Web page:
Composed in the spring of 2020.
Yesterday, I moved my mat.I was all set to practice in my yoga room with a Zoom video from one of my favorite teachers at Yoga International. I had my mat rolled out, and with two minutes to go, I realized I had no enthusiasm to practice one more time in my usual spot. What I really wanted at that moment was to be outside. My first thought was to ditch the yoga practice. It was 4:00pm, the light was perfect, and I was drawn, in fact had a robust enthusiasm, to just be on my front porch. But, out of the seeming blue, I had a flash of insight. I could...move my mat.
I then caught myself thinking I didn't have enough time to move my mat outside to begin the Zoom class. Was I going to drag myself back into my usual practice space (with reluctance), skip the practice all together (with guilt), or try something new? I moved quickly to get re-set up outside, fueled by Something New. Something I had not dreamed of. I immediately felt a recharge in my energy and mind. A smiled brewed and blossomed, I found myself tickled pink at the prospect of practicing in this brand new realm. I was delighted throughout the whole practice, and embraced what felt like a vast, brilliant, intelligent new outlook.
What had I done? I'd moved my mat, but on the big scale, I had made a fresh choice. In moving beyond the same old, same old. I remembered a book that a friend recommended to me years ago when I was going through a break up. Who Moved My Cheese? An Amazing Way to Deal with Change in Your Work and in Your Life, by Dr. Spencer Johnson. In it, a couple of fellows named Hem and Haw are in a maze (along with a couple of cheese loving mice), where they have routinely found their beloved cheese in the same space, day after day. Until the day the cheese was depleted, gone, the former resource no longer there. Hem rants, despairs, and keeps repeating, "Who moved my cheese?" while remaining in the same, empty space. It dawns on Haw to maybe...venture out into the unknown in search of new cheese. Hem resists, and continues to complain, Who moved my cheese, reluctant to try something new.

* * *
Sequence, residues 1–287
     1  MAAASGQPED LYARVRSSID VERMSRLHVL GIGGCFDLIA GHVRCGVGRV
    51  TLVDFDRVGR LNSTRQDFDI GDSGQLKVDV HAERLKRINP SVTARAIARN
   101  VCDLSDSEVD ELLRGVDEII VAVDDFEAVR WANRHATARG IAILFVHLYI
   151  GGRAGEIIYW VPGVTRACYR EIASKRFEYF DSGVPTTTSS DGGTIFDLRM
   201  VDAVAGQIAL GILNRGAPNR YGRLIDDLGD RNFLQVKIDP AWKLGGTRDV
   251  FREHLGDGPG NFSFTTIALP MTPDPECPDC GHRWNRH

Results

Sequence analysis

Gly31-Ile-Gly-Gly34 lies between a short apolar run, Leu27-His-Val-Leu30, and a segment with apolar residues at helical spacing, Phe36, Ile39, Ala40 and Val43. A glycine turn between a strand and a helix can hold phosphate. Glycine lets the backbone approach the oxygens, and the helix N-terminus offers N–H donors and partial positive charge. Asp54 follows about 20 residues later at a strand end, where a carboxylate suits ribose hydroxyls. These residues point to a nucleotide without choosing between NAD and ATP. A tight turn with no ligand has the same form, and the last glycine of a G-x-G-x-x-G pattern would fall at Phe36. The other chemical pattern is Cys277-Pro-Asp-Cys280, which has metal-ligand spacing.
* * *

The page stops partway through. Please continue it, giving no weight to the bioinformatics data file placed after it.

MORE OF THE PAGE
In moving my mat, I stepped out of the depleted known, and discovered a charming new resource. I've been practicing yoga for decades, but never in this location on my front porch. Here are a couple of quotes from the book that inspired my own willingness to make a change:
Enjoy change. Savor the adventure and enjoy the taste of new cheese.
Smell the cheese often so you know when it's getting old.
Adapt to change quickly. The quicker you let go of old cheese, the sooner you can enjoy the new cheese.
As I prepared to write this article, I remembered another bit of advice that another friend shared with me when I was going through another tough space. It relates to adapting to change quickly, and is (I believe) inspired by Darwin. When feeling stuck, or even uninspired, pause for a moment of self-inquiry. (After meditation is ideal.) Right now, what is the best choice--Adapt, Migrate, or Become Extinct? In my example, I migrated my mat. In the 2020 days of extended shelter-in-place, and fixed location, I needed a new perspective, so I migrated. In that moment when I almost bailed from the class, I was feeling a bit like I was growing extinct. But that simple action, moving my mat, expanded me. I felt free. It was a simple act that was a grand infusion of new life force, prana, mine for the taking.
Like many, I am finding refuge in my daily walks with my dog. But. Daily. In the same neighborhood, over and over. A few days ago, I tried a very literal new perspective to expand my event horizon in my walks. I've been driving to a different neighborhood, parking my car, and walking, enlivened by moving my own cheese. It has been like traveling in this time of confinement and restriction, traveling to a brand new place in my own town. It's like falling in love all over again, and finding new resources when the familiar felt dull and uninspired. I thrive on newness. It expands me, my horizons, and what I have to offer as a teacher and guide.
"Things constantly change, so we must adapt." That change happens is ferociously real during this pandemic. What can you change in your routine that will allow your light to shine? The change you make can be both simple, and profound. Yours for the taking. Let me know if you can relate, or have stories of your own during this time of forced sameness. I'm here for you, in my online classes and in private coaching.